“Nope.” Ivan was looking around, he had lost interest now that the man wasn’t a killer. The short ugly angels were touching people and vanishing.

“You ever kill anyone?” the man asked with a small smile.

“Well,” Ivan answered in a vague way, unintentionally mimicking the old man.

“Shit kid, you’re too young for that.”

“It was just myself,” Ivan confessed.

“You did?” There was a note of disapproval.

“Yeah, so?” Ivan felt his back getting up.

The man held up his hands, one eye on the angels moving around and disappearing people. “Easy, I am not blaming you or anything, just seems strange a young guy like you checking out and all. I mean Dakota, not like it was Rwanda.”

“It wasn’t easy. Nothing … I don’t know. I just hated life so goddamned much, you know?”

The man’s attention was fixated on the angels who were very close. “Nope kid, I loved life. Jesus looks like our time is up.” An angel sidled up to the man and with that he vanished.

Ivan looked at another of the miniature creatures approaching. “Ugly little things aren’t you,” he mumbled.

“Imagine what we think of you,” the angel snapped.

Ivan raised his eyebrows, he was trying to think of something clever to say when everything suddenly went dark.

When the light came back on, Ivan was in a vast whiteness. This one was not blinding but it was hard to tell where things began or ended. He was alone and standing but he was completely at rest — he felt more relaxed than he had ever felt in a bed, or chair or hammock — which he had never been in, but imagined to be extremely comfortable. This was quite possibly the best he had ever felt.

“Not that I ever really felt all that great,” he muttered again. He looked around but he was alone — the munchkin had fucked off somewhere.

Ivan felt a bit guilty at that, probably had hurt it’s feelings, calling it ugly and all that. Ivan was always abrasive in circumstances he didn’t control; which was all of them. He had never had the courage of honesty and just took refuge in sarcasm and infantile crudity. It was something he hated about himself.

It was another thing he hated about himself.

“And I am dead now,” he said aloud, figuring no one could hear him. “And I am still doing it? Why couldn’t I have been changed into someone else. I thought dying would start things all over. I thought I would get a chance this time.”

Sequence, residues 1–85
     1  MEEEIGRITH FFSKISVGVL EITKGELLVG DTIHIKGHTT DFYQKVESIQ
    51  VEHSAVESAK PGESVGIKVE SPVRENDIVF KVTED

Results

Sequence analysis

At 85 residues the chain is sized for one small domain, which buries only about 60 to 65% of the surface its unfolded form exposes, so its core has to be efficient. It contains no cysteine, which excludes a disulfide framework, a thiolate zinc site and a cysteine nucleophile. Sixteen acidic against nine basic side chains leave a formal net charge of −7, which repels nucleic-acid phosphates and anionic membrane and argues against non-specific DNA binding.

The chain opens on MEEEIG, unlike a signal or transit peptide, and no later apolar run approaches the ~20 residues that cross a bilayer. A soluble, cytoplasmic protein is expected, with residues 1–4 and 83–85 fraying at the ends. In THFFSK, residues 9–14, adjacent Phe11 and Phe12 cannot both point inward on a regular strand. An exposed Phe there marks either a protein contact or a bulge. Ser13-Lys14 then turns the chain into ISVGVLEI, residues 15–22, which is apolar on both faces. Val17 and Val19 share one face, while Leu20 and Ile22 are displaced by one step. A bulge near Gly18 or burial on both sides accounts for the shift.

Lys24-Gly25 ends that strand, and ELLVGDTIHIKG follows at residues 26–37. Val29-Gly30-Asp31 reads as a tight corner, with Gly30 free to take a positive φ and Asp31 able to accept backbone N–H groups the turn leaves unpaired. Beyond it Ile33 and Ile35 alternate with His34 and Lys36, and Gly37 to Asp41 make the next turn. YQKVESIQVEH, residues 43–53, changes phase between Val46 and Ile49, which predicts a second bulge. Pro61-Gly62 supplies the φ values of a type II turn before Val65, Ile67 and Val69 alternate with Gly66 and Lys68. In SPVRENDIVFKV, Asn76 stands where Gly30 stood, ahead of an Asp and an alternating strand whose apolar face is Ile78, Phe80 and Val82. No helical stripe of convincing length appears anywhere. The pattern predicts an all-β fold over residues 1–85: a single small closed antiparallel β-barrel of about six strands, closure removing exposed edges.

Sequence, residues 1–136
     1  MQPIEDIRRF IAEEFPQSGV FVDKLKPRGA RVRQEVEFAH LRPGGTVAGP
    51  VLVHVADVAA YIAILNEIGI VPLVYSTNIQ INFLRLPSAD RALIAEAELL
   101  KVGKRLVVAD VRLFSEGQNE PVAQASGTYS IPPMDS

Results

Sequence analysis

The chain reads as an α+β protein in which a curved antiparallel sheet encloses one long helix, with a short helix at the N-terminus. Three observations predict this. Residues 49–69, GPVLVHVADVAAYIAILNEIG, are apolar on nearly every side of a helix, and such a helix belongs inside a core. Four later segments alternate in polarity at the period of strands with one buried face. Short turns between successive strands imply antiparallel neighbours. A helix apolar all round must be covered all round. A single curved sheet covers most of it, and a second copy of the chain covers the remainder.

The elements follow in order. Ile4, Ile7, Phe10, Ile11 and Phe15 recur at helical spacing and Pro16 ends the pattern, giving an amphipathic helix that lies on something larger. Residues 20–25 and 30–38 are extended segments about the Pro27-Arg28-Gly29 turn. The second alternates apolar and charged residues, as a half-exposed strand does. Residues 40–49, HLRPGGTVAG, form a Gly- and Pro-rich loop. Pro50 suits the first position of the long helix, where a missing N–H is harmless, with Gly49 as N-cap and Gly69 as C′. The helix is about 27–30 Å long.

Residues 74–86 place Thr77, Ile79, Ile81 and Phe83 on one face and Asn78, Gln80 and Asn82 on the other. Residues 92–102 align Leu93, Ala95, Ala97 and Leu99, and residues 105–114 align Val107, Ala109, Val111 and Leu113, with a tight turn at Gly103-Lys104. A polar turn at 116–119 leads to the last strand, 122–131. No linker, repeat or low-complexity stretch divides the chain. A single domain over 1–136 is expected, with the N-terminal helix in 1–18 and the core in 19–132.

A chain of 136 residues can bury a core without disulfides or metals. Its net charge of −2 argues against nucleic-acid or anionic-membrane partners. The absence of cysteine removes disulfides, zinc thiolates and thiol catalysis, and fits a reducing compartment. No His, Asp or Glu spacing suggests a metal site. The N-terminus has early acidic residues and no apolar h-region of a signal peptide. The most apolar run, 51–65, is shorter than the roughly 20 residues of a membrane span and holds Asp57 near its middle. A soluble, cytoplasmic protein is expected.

“You were given many chances last time.”

Ivan looked around but he couldn’t see anyone.



“Am I blind?”


“So you are invisible?”

“Only to those who cannot see me.”

Oh great, one of these assholes, Ivan hated people like this.

“People like what?”

“I didn’t say anything,” Ivan told the voice.

“Not out loud,” the voice corrected.

“You can read my thoughts?”

“You do realize it is impossible to hide anything from me.”

“Hey come on man!” Ivan accused. “That ain’t fair.”

“I decide what’s fair or not,” the voice said a bit smugly.

“Your house, your rules?”

“Sure. Actually I kind of like that,” the voice chuckled.

“So who are you? Are you one of those short angels?”

“I most certainly am not.”



Ivan blew out some air. Man, talk about a douche.

“I can read your thoughts, remember?”


“Yes, well. Anyway, my name is not important.”

“Hi Not Important, I am Ivan.”

“That isn’t funny.”

“Lighten up.”

“You lighten up.”

“What? Really?” Ivan took a step back. “That is the best you can do?” Ivan was disappointed.

“I am … listen you don’t get to judge me ok. I judge. I judge you.”

“I don’t think that is very fair.”

“Who cares.”

“Man … you must have been a real prick in high school. Guys like you made me sick.”

“Whoa, easy now,” the voice said.

“It’s true man, you are abusing your power.”

“Calm down Ivan.”

But Ivan was worked up now. “You are one of the reasons I killed myself,” Ivan really didn’t like this guy. “You and all those rich Abercrombie and Fitch models in high school.”

“I was never in high school, Ivan.”

“Whatever, you know what I mean. You were probably home schooled, or raised by servants.”

“Ivan,” the voice cut in. “I am not human.”

“What? Really?”

“Yes, really.”

“Stop the presses. You shouldn’t be judging me then.”

“I am perfectly capable of judging humans,” the voice had become a bit stiffer.

“Were you ever a teenager?”

“Well no.”

“Been dumped?”